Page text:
You may have looked perplexed if, 20 years ago, someone would have told you that we’d spend most of our days glued to glowing screens, that we’d blur the lines between work and home, that our connectedness would disconnect us from what matters.
It would have sounded dystopian. Yet we agreed to it. Not all at once, but gradually. One supposed improvement at a time.
A screen on your wall.
A screen at your desk.
A screen in your pocket.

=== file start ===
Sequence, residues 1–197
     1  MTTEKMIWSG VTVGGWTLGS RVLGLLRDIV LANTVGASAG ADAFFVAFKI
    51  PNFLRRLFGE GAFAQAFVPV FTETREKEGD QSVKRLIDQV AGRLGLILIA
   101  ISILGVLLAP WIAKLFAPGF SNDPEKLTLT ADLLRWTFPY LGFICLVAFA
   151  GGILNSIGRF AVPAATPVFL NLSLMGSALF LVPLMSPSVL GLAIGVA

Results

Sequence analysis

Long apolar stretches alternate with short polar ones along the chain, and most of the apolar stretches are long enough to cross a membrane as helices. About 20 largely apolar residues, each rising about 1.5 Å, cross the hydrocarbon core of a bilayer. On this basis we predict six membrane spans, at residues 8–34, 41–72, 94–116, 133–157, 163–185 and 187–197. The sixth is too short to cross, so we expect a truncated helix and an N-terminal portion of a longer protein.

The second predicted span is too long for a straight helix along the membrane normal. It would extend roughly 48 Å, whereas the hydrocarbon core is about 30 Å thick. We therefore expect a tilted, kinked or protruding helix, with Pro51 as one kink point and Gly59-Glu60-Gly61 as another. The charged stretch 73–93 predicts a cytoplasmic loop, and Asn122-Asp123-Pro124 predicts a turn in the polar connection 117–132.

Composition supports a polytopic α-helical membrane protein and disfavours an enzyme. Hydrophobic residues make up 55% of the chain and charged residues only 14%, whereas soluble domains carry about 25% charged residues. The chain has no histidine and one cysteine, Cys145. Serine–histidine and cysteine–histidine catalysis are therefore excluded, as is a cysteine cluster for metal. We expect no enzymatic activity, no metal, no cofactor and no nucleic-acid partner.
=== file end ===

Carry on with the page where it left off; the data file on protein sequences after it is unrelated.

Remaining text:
A screen on your lap.
A screen in your hand.
A screen on your wrist.
“Every night is like a competition to see how many screens we can get between our face and the wall,” Ronny Chieng observed in his recent Netflix comedy special. While we may have won this competition, we’ve lost something important.
If our or as Africans prefer to call it “the white mans” innovations get in the way of a life worth living, are they actually degenerations? What happens when the colors on our screens are more vivid but our lives are increasingly grayscale? When we upgrade our tech but downgrade everything meaningful? When the ceaseless glow brightens but our joy and purpose dim?
At what point do we turn it off?